Of course, nobody else does either. But Westworld understands it less.
Consciousness is simultaneously the most intimately known and least understood aspect of reality.
Take a second to let that sink in.
The most important possession of ours is at one and the same time perfectly familiar and utterly incomprehensible.
That is not a contradiction, of course — there is nothing we’re more acquainted with than our first-person, subjective experience of the world, and nothing we understand less than the nature of consciousness itself.
HBO’s Westworld (spoilers ahead), which just wrapped up its first season, is the latest show to explore the abiding familiarity and mystery of consciousness and center the narrative around it.
The problem is they get it badly wrong.
The fundamental confusion stems from the fact that the show misunderstands that the salient aspect of consciousness is experience.
It is not, as the show implies during the early part of the season, memory. Nor is it, as the later episodes have it, self-directedness, which is closer to self-consciousness or to the popular notion of free will.
Consciousness either involves or is closely connected to these other aspects, but is essentially something else: experience.
By “experience” I’m referring to the subjective, ongoing mental representation of the world; the vivid inner rendering of that which is out there.
The philosopher David Chalmers explains the problem this way:
The really hard problem of consciousness is the problem of experience. When we think and perceive, there is a whir of information-processing, but there is also a subjective aspect. As Thomas Nagel has put it, there is something it is like to be a conscious organism. This subjective aspect is experience. When we see, for example, we experience visual sensations: the felt quality of redness, the experience of dark and light, the quality of depth in a visual field. Other experiences go along with perception in different modalities: the sound of a clarinet, the smell of mothballs. Then there are bodily sensations, from pains to orgasms; mental images that are conjured up internally; the felt quality of emotion, and the experience of a stream of conscious thought. What unites all of these states is that there is something it is like to be in them. All of them are states of experience.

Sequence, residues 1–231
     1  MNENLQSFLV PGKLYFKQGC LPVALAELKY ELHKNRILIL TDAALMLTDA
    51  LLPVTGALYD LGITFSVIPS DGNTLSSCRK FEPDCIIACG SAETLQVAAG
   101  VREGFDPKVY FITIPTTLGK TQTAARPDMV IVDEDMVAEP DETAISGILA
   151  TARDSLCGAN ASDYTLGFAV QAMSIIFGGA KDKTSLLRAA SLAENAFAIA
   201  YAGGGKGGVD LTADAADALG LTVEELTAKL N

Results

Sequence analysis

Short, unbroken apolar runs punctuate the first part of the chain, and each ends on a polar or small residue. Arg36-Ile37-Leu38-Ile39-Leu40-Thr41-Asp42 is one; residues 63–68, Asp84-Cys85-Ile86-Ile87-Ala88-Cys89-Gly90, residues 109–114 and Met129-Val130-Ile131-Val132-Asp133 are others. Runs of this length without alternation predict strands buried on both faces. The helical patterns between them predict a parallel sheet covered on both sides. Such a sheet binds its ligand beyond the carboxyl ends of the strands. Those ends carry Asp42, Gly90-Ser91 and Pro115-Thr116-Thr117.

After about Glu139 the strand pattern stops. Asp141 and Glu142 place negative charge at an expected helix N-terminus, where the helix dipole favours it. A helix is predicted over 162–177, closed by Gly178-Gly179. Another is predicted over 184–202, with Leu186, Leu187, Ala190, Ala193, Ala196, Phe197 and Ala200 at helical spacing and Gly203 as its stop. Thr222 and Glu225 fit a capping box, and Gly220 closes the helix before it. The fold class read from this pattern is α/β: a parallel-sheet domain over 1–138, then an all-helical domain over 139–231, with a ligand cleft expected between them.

It is undeniable that some organisms are subjects of experience. But the question of how it is that these systems are subjects of experience is perplexing. Why is it that when our cognitive systems engage in visual and auditory information-processing, we have visual or auditory experience: the quality of deep blue, the sensation of middle C? How can we explain why there is something it is like to entertain a mental image, or to experience an emotion? It is widely agreed that experience arises from a physical basis, but we have no good explanation of why and how it so arises. Why should physical processing give rise to a rich inner life at all? It seems objectively unreasonable that it should, and yet it does.
Because this is the most morally significant and philosophically interesting aspect of our mental lives, it is also the most narratively important in a universe such as Westworld’s.
Yet Westworld doesn’t realize it.